One thing you and I have in common is that we were born into this world and given a name with no choice in the matter. We all have a name. In 1963, the year I was born, my given name James was the fourth most popular name. In 2017, it is still in the top ten.      A lot has changed in those fifty plus years, including the names people choose to name their children. Lisa and Michael were both number one in 1963, but today Michael is at number seventeen and Lisa doesn’t make the top fifty.

It seems the world places a lot of significance and value on names. Think of the celebrities who have adopted a single or abbreviated name:

Adele Laurie Blue Adkins – aka “Adele”

Stefani Joanne Angelina Germanotta – aka “Lady Gaga”

Kesha Rose Sebert – aka “Kesha”

Paul David Hewson – aka “Bono”

Prince Rogers Nelson – aka “Prince”

Gordon Matthew Thomas Sumner – aka “Sting”

These names have become their monikers to label their celebrity. Our culture labels everyone whether they are celebrities or not. Whether verbalized or not, we are all labeled by people, and we each do a fair amount of it ourselves. A car tailgates or cuts in front of us; we have a name for that person. The doorbell rings at home and before we make it to the door; we have a name for that person. We see someone that looks and dresses differently from us; we have a name for that person. None of this labeling exemplifies Christian character, but I know I have been guilty.

I’ve also been the recipient of names from people in my life; father, brother, friend, business partner, divorced. I have also been the recipient of names from my Heavenly Father; redeemed, worthy, forgiven, and child.

You see, our given name may identify us and the world may label us, but it doesn’t define you and me. “See what great love the Father has lavished on us, that we should be called children of God! And that is what we are! The reason the world does not know us is that it did not know him.” 1 John 3:1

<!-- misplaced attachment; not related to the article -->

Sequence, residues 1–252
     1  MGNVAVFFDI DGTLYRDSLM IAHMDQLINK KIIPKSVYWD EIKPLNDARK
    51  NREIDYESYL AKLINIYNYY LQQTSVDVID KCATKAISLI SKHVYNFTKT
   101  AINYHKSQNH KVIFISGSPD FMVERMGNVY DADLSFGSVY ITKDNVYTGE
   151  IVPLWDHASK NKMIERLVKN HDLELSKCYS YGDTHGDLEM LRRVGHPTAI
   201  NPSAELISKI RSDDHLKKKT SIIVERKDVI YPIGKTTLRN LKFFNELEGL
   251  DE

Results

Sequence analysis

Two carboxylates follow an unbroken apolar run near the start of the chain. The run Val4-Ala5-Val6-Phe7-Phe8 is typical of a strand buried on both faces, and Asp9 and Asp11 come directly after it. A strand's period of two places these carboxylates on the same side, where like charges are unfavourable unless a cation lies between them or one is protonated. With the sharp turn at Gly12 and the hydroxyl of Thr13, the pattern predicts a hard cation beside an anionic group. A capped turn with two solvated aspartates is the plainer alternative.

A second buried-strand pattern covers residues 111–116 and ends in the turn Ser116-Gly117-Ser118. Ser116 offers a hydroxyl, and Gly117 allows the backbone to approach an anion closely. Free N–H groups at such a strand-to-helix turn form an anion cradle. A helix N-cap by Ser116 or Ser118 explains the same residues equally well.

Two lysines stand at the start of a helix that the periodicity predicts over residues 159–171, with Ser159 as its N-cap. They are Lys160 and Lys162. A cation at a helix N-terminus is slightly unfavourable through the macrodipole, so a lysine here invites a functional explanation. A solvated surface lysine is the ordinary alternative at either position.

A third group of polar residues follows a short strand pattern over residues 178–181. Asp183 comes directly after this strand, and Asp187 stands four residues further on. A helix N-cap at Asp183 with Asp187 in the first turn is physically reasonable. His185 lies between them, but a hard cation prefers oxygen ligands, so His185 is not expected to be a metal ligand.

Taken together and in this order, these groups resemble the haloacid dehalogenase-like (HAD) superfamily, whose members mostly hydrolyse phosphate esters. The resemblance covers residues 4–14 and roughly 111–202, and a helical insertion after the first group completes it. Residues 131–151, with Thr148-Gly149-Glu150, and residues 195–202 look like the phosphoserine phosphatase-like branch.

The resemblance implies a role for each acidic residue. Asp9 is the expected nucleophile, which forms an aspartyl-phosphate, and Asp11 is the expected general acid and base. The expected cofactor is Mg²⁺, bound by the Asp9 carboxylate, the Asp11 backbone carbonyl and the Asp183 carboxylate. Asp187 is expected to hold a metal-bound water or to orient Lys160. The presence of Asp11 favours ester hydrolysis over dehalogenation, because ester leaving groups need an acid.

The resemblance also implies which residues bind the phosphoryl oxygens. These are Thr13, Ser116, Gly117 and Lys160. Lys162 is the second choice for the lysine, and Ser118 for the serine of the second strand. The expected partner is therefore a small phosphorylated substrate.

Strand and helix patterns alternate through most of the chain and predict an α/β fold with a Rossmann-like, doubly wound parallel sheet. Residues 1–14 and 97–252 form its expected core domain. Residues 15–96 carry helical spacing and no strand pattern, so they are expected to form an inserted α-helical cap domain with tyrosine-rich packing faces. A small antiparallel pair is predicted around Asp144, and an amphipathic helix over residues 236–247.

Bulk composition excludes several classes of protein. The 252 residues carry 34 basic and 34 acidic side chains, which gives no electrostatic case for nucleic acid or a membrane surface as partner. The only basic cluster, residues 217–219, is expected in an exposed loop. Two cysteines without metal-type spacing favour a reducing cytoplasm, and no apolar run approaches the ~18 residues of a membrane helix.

We were defined by our Heavenly Father long before the creation of the earth. You and I have a special identity. An identity full of unconditional love. A love that affirms us completely when we don’t feel affirmation from those around us. A love that gives us hope and a purpose. A love that defines us as His children.

I believe our vapor of time here on earth is for us to sort out a couple of things before our eternal life in heaven. Namely, to identify who we are and to learn how to love the one who chose to love us first. We didn’t have a choice in how we entered this world, but we can define who we are in Christ and learn to love and accept His unconditional love for us.

1 John 4:7-12 – God’s Love and Ours

Dear friends, let us love one another, for love comes from God. Everyone who loves has been born of God and knows God. Whoever does not love does not know God, because God is love. This is how God showed his love among us: He sent his one and only Son into the world that we might live through him. 10 This is love: not that we loved God, but that he loved us and sent his Son as an atoning sacrifice for our sins. 11 Dear friends, since God so loved us, we also ought to love one another. 12 No one has ever seen God; but if we love one another, God lives in us and his love is made complete in us.

This is a continuation of the last post – 1 John 1:5-7 “Light and Darkness, Sin and Forgiveness”.  The early message of God being light, that we should be walking in light, and by doing so, we will have fellowship with one another, is restated in another way. God is love (light) and love (light) comes from God. Everyone who loves (i.e. walks in light) has been born of God and knows God (i.e. has relationship with the Father). Whoever does not love (walks in darkness) does not know God, because God is love (light).

In verse 9, we see that God showed His love among us; He sent His one and only Son into the world that we might live through Him. Let’s think about what this says. God loves you and me, recognizing that we have limitations as human beings. We have a hard time understanding who God is and being able to grasp God’s character. So God sends His Son (John 1:14 “The Word became flesh and dwelt among us.”) so that we could get a physical, human representation of God. Jesus was the perfect manifestation of the character of God. What were the characteristics of Jesus? Love, joy, peace, patience, kindness, goodness, faithfulness, gentleness and self-control. These were the characteristics modeled by Jesus, and these are the fruit of the Spirit (Galatians 5:22-23). Jesus also modeled humility, servanthood, and truth. These are the characteristics for each of us to develop to walk in the light.

Unfortunately, we live in a world that doesn’t esteem these characteristics. The world is full of impatience, pride, cynicism, sarcasm, hatred, jealousy, abuse, selfishness, instability, and relativism. To walk in the light, we have to repel these characteristics and adopt the characteristics of Jesus (Romans 12:2 – “Do not conform to the pattern of this world, but be transformed by the renewing of your mind. Then you will be able to test and approve what God’s will is—his good, pleasing and perfect will.”).